Abide in me as I abide in you. Just as the branch cannot bear fruit by itself unless it abides in the vine, neither can you unless you abide in me. I am the vine, you are the branches. Those who abide in me and I in them bear much fruit, because apart from me you can do nothing. (John 15:4–5)
The profound effects of COVID-19 have forced thousands of churches into new forms of worship. The proliferation of online offerings including worship, Bible studies, devotional teaching times, prayers services, and the like has been staggering. Anecdotal evidence and objective research suggest that more people are engaging with churches in the new online environment than before the pandemic. This is cause for celebration! This also means that church leaders have an unprecedented challenge before them: how to effectively teach those that they have reached how to stay connected to the true vine of which Jesus speaks. This presents exceptional challenges in a distanced church.
These challenges can present themselves in a variety of ways. While the advent of online worship may mean that more people can connect with a particular church, it might also mean that those who were regular attenders of that same church before the pandemic can now attend any number of other churches from the sofa. The strong influence of the attractional church model in recent decades has resulted in people moving to different churches wherever they feel they are not “being fed.” Ask people why they join a church community and they will frequently cite factors like the preaching style, the music in worship, the programming offered for their kids, or something similar. While all these can have merit, this also means that people are likely to move along to something else when a more attractive opportunity presents itself. In the newly distanced church environment, this can mean that church leaders might feel pressured into something of an “arms race” to provide the slickest online worship offering or more and flashier digital resources than the church down the “virtual street.”
To use another imagery common in the Scriptures, these digital resources have provided new ways to welcome lost sheep into the flock, but it has also provided easy ways for sheep to move from one pasture, and shepherd, to another. As these shepherds begin to see their flocks in person again, they are going to find new sheep that have found their way from a far-off place. They are also going to find that some of their sheep have left for what they considered a greener pasture. I have heard of churches who have welcome new members who lived hundreds or thousands of miles from the physical location of the church. With the new opportunities presented by online offerings come new challenges of how to disciple new members of these congregations.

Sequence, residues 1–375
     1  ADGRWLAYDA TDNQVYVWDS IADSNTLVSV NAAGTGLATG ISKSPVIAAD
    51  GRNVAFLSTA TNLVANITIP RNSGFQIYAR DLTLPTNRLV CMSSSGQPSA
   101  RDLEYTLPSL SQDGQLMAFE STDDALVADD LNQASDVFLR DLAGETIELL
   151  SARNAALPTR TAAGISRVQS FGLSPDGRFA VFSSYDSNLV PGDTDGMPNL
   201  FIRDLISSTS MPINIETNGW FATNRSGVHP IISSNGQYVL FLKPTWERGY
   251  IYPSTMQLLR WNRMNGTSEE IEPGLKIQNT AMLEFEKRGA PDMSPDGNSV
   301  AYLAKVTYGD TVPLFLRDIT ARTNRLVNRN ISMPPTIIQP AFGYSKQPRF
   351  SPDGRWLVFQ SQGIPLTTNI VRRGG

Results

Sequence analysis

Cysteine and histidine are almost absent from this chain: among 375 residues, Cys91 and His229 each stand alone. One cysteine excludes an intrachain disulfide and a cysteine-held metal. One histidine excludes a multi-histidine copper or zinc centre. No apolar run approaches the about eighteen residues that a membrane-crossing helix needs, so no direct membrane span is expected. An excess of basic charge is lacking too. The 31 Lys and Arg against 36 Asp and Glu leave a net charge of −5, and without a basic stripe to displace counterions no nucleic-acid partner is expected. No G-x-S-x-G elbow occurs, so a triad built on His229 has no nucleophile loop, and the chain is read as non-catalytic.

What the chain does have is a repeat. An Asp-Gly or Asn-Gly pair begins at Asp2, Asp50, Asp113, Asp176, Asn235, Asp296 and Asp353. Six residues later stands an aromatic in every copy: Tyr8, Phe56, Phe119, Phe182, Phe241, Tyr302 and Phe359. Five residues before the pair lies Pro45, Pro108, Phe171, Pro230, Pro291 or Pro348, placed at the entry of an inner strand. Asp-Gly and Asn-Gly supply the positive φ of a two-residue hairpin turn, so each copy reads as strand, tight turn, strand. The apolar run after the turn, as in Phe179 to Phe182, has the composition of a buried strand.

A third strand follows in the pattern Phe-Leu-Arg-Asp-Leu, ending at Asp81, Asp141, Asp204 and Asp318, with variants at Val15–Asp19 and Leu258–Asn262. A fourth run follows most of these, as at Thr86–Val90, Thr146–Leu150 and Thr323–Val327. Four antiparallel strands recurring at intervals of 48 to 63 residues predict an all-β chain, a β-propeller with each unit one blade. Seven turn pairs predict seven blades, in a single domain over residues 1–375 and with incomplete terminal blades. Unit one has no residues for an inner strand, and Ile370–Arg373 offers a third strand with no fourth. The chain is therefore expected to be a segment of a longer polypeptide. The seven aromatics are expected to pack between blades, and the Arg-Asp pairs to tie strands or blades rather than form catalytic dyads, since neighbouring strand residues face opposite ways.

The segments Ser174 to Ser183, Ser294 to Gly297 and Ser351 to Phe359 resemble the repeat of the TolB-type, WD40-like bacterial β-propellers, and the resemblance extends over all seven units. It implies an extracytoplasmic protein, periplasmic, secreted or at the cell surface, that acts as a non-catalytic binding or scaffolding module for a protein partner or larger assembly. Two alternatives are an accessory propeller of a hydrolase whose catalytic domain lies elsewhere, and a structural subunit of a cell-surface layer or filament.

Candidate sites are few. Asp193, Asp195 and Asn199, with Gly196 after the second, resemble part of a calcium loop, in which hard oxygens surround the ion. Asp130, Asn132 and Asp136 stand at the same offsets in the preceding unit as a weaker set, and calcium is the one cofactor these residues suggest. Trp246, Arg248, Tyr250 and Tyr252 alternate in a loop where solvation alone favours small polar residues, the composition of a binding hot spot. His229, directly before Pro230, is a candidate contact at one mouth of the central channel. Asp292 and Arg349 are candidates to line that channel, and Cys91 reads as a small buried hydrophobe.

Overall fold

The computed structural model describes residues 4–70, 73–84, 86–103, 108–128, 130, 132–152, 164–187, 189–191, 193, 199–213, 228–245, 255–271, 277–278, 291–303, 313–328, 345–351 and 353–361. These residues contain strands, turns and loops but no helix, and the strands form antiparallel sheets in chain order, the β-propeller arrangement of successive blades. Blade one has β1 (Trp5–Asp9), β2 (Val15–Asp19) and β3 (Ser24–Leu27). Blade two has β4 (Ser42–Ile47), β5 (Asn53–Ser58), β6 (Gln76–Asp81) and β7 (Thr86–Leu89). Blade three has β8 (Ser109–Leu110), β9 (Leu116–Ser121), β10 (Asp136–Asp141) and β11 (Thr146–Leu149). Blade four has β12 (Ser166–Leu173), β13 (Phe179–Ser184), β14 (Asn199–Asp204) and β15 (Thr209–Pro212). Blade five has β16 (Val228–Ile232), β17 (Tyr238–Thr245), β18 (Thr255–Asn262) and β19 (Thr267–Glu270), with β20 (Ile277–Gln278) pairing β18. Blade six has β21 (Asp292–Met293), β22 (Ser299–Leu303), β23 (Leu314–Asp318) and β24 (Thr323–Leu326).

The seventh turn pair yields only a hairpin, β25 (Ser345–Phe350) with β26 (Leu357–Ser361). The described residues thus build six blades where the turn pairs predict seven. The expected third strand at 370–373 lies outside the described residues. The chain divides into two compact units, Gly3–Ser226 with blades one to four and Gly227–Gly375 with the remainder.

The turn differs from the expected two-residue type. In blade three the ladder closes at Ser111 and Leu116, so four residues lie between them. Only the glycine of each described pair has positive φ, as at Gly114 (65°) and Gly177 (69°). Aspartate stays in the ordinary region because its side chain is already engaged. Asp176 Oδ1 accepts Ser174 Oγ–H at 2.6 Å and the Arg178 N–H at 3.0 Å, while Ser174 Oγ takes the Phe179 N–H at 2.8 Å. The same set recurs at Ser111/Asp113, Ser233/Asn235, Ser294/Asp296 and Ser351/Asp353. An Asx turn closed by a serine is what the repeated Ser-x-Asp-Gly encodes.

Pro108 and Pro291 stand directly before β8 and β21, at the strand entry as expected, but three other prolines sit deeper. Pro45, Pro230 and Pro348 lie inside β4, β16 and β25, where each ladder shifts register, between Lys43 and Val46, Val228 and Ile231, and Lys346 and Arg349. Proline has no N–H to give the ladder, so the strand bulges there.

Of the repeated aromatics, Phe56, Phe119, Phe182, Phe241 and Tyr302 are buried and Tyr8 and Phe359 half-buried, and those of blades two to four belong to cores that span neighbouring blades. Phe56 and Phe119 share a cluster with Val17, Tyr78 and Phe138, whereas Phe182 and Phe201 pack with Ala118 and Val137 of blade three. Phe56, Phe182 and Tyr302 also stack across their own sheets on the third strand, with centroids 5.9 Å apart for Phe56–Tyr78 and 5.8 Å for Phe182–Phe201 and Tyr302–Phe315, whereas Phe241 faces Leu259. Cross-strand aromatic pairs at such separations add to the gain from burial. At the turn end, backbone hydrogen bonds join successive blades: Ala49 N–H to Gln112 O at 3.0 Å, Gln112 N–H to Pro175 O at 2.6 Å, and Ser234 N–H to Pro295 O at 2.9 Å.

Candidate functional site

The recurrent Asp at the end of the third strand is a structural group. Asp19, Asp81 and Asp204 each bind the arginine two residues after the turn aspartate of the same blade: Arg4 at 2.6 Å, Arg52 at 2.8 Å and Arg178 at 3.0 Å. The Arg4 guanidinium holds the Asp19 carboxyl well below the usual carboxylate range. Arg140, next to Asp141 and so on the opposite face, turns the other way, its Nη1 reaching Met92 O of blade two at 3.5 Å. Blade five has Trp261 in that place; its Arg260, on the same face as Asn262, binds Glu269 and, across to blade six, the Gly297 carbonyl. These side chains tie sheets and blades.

In the passage above, Jesus is reminding the disciples that being connected to one another means being connected to him and vice versa. There is a richness in the term abide that should not be overlooked. The Greek word is menō and is the same term used when:
This is not the first time we have seen an increase in participation in religious activities after a crisis. Churches frequently see an increase in attendance following a natural disaster or a tragedy. The key to ministry in these situations is providing biblical leadership on abiding after the shock of the tragedy fades. However, the COVID-19 crisis presents a unique situation in terms of the length of the impact and the precautions that must be taken to mitigate further harm as the initial impact passes. As churches begin reopening, church leaders and their congregations are finding new and challenging situations in terms of discipling newcomers to their congregation, caring for those who have remained, and reconnecting with those who have disconnected from the vine because the online environment meant they made their way to a new virtual, and distant, church.
Each of these situations will present opportunities and challenges that many leaders have not yet experienced. Fulfilling the mandate to teach people to abide will require new and innovative leadership. There is a particular power in being present with one another, in abiding. While physical distancing requires us to think about that in new ways, church leaders should remember the power of presence—real and virtual. In my next article, I will offer some practical ideas about ministering to the newly distanced church.